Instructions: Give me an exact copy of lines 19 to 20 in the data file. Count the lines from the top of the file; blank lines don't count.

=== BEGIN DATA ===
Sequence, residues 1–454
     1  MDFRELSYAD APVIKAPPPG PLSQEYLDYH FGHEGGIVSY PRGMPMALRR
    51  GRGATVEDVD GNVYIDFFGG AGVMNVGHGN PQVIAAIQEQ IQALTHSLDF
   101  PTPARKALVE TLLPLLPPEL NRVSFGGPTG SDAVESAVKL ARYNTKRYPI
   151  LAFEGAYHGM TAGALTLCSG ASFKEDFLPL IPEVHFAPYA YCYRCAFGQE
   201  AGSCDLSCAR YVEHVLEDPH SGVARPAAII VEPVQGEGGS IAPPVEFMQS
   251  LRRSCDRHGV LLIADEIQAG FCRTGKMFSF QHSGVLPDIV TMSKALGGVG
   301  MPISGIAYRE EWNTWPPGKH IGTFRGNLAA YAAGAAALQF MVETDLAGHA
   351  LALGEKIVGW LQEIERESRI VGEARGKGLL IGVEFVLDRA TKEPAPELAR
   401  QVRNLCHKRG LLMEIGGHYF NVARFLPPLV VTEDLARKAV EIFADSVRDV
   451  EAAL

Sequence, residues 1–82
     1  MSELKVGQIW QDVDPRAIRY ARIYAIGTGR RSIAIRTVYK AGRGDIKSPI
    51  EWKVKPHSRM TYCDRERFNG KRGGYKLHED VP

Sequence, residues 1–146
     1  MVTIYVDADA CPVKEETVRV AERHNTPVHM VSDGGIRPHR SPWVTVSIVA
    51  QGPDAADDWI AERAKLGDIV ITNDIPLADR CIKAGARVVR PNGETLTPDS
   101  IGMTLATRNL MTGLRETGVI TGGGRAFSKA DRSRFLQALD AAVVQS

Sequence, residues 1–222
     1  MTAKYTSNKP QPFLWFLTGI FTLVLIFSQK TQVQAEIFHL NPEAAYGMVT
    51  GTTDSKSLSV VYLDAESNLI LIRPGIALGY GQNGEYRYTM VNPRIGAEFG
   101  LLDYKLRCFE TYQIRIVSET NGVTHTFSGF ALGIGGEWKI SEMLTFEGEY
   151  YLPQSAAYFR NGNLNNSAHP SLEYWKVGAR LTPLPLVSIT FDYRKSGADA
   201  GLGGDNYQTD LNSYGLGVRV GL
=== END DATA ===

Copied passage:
Sequence, residues 1–222
     1  MTAKYTSNKP QPFLWFLTGI FTLVLIFSQK TQVQAEIFHL NPEAAYGMVT